Business Presenting To Group

Simple But Powerful Presentation Outline

Ever watch a presentation and get lost in the details presented? It is like sitting in front of a fire hose. So much information.

The retention rate for a presentation after one week is shockingly low. Ten percent or less at best. How does that make you feel?  Your presentation is important. Maybe the presentation is for a six-figure sales opportunity, funding a new company, or budget approval for the next project.

What do audiences remember from a presentation? Studies show an audience will remember more of the end of the presentation (the last they hear), next the beginning (the first they hear), and surprising a small amount of the middle, the information section. How you present is critical to the success of the presentation, its outcome, and your goals.

There are a lot of different presentation outlines. Which is best depends on the goals of the presentation. One outline I used for closing many millions of dollars in sales is well known. Astonishingly, not often followed, especially by marketing.

The presentation outline is three sections.

  • Tell them what they are going to discover from the presentation and how they will benefit. This should be three to five items/categories, where three or fewer are best.
  • Present the information.
  • Summarize. Tell them what they just learned and how they will benefit.

Now there are three other components to add to the outline.

The following I got from Brian Tracy. Before I give Brian’s advice, let’s set up a sales scenario. I have flown to a customer site. The cost of an airline ticket, car rental, hotel stay, and of course my time. This a six-figure opportunity. Representing the company in the meeting may be three to five engineers, a manager and/or director, and on some occasions a vice president. Add this all up and the company is spending a lot of time listening to the presentation. Will it be worth it to them?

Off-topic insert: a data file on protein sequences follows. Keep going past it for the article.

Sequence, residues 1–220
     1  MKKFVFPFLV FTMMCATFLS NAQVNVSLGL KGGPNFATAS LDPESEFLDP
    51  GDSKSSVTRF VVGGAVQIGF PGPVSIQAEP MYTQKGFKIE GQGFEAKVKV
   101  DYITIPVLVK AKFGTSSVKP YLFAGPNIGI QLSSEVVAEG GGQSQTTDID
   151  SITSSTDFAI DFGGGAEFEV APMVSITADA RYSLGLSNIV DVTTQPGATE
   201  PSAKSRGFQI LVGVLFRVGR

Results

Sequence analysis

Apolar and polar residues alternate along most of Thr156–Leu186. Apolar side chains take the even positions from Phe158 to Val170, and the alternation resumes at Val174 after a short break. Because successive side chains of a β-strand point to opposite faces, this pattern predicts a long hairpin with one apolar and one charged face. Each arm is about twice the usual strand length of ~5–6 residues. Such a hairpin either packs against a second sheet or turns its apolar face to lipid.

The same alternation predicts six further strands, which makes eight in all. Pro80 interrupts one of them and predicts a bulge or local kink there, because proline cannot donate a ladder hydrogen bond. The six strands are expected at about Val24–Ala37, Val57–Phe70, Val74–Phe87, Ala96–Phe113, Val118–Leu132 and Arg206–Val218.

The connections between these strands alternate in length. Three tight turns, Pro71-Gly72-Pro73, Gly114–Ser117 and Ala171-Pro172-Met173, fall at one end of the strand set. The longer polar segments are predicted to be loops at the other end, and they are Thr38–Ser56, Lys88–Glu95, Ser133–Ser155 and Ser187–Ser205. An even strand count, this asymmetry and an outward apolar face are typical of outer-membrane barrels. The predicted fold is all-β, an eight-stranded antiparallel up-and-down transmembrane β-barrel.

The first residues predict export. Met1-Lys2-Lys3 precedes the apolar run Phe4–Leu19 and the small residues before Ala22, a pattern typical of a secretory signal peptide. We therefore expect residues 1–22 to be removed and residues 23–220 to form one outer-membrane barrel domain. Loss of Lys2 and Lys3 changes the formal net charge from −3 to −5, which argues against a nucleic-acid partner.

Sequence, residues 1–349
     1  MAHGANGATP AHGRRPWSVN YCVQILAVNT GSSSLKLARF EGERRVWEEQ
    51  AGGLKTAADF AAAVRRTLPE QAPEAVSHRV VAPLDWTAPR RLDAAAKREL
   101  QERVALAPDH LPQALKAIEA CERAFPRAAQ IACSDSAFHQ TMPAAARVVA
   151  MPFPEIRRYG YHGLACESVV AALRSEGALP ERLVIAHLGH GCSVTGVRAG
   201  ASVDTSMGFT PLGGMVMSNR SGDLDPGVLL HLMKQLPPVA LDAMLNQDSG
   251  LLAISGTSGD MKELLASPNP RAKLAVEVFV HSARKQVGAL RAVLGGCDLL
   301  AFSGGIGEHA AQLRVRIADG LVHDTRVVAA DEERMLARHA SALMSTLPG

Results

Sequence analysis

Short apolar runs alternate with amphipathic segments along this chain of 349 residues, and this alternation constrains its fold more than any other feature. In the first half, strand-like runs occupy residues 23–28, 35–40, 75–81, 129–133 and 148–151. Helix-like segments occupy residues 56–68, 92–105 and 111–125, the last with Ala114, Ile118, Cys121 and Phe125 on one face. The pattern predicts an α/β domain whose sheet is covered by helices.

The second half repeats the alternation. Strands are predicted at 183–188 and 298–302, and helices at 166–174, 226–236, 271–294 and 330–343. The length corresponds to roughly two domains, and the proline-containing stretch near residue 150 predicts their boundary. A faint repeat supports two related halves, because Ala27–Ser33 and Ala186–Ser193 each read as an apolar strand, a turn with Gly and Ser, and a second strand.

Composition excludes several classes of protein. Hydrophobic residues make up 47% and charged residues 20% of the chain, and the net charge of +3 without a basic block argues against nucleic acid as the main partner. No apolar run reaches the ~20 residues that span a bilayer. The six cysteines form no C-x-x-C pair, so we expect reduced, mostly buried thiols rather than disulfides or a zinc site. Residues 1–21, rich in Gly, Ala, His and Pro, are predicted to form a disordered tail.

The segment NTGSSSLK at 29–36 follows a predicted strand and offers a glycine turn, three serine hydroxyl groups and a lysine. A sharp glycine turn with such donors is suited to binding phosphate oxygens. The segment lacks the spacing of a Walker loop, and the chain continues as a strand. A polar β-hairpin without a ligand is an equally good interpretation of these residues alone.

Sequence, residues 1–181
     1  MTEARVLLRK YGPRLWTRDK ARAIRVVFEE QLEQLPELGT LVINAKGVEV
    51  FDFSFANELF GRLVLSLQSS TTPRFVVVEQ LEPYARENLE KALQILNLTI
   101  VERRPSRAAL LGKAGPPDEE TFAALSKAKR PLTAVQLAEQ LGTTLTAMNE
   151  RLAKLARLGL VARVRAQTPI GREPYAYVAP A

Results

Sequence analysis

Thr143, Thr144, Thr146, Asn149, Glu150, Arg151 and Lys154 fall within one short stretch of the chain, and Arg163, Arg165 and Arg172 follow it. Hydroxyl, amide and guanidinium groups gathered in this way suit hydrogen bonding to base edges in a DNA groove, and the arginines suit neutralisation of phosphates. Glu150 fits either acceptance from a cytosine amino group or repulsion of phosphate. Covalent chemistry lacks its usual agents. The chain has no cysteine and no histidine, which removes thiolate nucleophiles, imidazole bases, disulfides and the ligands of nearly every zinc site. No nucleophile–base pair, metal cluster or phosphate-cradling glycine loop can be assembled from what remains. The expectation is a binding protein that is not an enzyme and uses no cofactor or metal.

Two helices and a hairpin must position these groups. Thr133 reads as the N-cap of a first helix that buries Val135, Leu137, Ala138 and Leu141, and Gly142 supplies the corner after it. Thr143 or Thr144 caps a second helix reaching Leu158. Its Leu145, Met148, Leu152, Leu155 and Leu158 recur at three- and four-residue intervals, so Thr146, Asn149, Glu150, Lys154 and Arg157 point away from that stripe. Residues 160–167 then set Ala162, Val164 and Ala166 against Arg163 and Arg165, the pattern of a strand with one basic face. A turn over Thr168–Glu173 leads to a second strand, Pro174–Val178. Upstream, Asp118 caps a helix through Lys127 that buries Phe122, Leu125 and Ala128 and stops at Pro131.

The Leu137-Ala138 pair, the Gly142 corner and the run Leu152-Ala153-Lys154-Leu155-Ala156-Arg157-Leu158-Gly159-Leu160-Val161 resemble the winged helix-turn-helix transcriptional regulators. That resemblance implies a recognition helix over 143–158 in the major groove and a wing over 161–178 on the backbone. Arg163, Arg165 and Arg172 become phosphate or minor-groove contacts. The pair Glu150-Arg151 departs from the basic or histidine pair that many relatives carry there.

With the high “cost” to the company, what does Brian Tracy recommend? You spend the first few minutes on why it is worth their time to hear your presentation. Do not start with some ten-minute (or worst) marketing message about how great your company is. The meeting participants are there to discover how they will benefit from your product or service.  In other words, WIIFT which few presenters do.

After a “why you should listen to me” introduction, slide into a very short, a few minutes in length about the company you represent.  These are items One and Two before the first section of the presentation.

After the summary, there should be a very specific call to action. You need to let the participants know what to do next. If you do not tell them the next step, you will get the “we will get back to you”. Plus, if they are almost ready to move forward, a call to action will flush out the remaining issues or objections.

Let’s summarize the outline.

  • Why they should listen, WIIFT.
  • Short background about the company, very short.
  • What they will learn/discover from your presentation.
  • The body of the talk/presentation.
  • Summarize what they just heard, and the value to their company.
  • A call-to-action. What they should do next.

There it is. Pretty simple.

Of course, the devil is in the details you put into the presentation. The key is how your product and/or service will help the customer meet their goals.

Direct Market Results generates high-quality leads, both BtoB and BtoC. For a consultation on how we can help your company grow revenue by growing sales with high-quality leads, click here and schedule a 30-minute no-obligation call.

Jason Froehlich has a great book on putting together a high-impact presentation, “The Profitable Pitch”. The book is available on Amazon or at (this is a non-affiliate link).

Posted in Client Generation.